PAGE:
For many elementary school students, math can be tedious and boring. But in Mr. Ferguson's fifth grade class, even a lesson in complex fractions is a loud, raucous affair.
The all-boys class is often on its feet and huddled together. At times the students walk around the classroom to burn off nervous energy. And the boys are encouraged to blurt out answers rather than wait to be called on.
A former firefighter, Jeff Ferguson isn't afraid to get in his students' faces.
"I speak loudly to them," Ferguson said. "And if I were to talk to a girl with the same volume, they might think that I'm yelling at them, but I'm really not."
Ferguson teaches at the Dr. Walter Cunningham School for Excellence in Waterloo, which began offering single-sex classes for interested students five years ago.
"[Students] were not achieving the way we wanted them to achieve, and at that point we knew we had to think outside of the box," school principal Elizabeth Crowley said.
The classes have helped several students, especially boys, lift their grades and test scores, Crowley said. And she said there are now fewer disciplinary problems.
Charvis Bentley, 11, used to get Ds in co-ed classes before his mother enrolled him in Ferguson's class two years ago. He's now getting Bs.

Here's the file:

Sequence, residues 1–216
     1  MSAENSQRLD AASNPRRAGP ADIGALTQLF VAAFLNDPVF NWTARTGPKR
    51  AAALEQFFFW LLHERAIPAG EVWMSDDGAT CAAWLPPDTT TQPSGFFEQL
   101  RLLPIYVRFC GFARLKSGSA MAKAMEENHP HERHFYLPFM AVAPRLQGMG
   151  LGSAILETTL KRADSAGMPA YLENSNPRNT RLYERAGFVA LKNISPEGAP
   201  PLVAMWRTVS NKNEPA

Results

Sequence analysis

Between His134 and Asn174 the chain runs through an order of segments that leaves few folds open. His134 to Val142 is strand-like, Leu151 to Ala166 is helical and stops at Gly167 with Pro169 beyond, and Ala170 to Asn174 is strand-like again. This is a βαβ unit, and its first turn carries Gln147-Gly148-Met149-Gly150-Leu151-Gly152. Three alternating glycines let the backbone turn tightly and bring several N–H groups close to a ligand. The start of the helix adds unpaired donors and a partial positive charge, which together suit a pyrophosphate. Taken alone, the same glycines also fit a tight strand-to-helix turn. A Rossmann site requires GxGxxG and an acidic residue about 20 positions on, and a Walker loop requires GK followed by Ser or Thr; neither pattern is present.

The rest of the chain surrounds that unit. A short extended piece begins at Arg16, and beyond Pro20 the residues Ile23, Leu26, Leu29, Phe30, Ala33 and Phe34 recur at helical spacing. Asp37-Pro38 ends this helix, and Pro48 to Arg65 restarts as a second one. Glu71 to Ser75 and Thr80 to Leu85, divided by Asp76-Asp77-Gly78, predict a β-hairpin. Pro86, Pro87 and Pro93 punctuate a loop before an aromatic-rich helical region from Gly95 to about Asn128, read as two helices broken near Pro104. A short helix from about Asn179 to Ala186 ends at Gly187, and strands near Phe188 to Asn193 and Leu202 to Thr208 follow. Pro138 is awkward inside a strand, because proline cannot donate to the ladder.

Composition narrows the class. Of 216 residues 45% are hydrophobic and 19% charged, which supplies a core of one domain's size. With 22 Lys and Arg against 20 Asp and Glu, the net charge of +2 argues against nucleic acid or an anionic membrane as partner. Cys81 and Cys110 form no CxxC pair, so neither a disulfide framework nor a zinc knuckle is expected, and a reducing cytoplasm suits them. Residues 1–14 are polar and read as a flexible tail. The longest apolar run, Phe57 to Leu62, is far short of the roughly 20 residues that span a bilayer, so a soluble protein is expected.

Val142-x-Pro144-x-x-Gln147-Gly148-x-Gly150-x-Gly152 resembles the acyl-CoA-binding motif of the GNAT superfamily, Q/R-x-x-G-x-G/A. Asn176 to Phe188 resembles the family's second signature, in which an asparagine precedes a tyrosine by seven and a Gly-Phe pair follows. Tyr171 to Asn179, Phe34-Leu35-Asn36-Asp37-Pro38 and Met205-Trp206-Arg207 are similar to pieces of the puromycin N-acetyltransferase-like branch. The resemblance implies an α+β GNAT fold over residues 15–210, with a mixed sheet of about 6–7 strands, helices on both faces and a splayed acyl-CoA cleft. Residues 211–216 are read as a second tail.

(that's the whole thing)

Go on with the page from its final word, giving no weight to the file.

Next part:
"I would always get in trouble because the girls would always say something to me, and I wanted their attention," Charvis said.
Across the hall, the girls in Ms. Schmidt's second-grade class start their day by sitting in a circle, sharing their feelings, and affirming each other.
"You're a very smart girl," we heard one girl tell her best friend in the circle. "Don't hide your beautiful face."
It's a scene that might make a boy cringe, but usually there's not a Y chromosome in the room. The all-girl class is noticeably polite. They raise their hands, listen intently, and rarely talk over each other.
"It's so important that they have that time to think through the process and be able to verbalize what they want to say," teacher Amy Schmidt said.
There's no hard evidence that single-sex classrooms lead to higher achievement, and the nation's teachers' unions neither endorse nor oppose the concept.
Private schools have traditionally been single-gender, but only recently has the trend grown among public schools, which have a checkered past when it comes to separate-but-equal education.
Some critics think single-sex classes leave kids ill-prepared for a co-ed world.
"Frankly, I think that it's a little difficult for a boy who has never had to compete with a girl on anything, even an algebra test, to go out into the world of work and be supervised by a female," said Kim Gandy, president of the National Organization for Women.
But the boys at Cunningham Elementary disagree and say Ferguson's lessons go beyond academics.
"They teach us how to be gentlemen, treat others with respect," said fifth grader Davion Givens.
And the students enrolled in the single-gender classes aren't separated from the opposite sex all day. Lunch, recess, and fieldtrips are all co-ed.
"They're ready for a co-ed world," said Ferguson, who then offered an analogy. "If you're going to build a ship, you build it on dry land, and then when it's ready, that's when you put it in the water. The foundation is there. They're ready."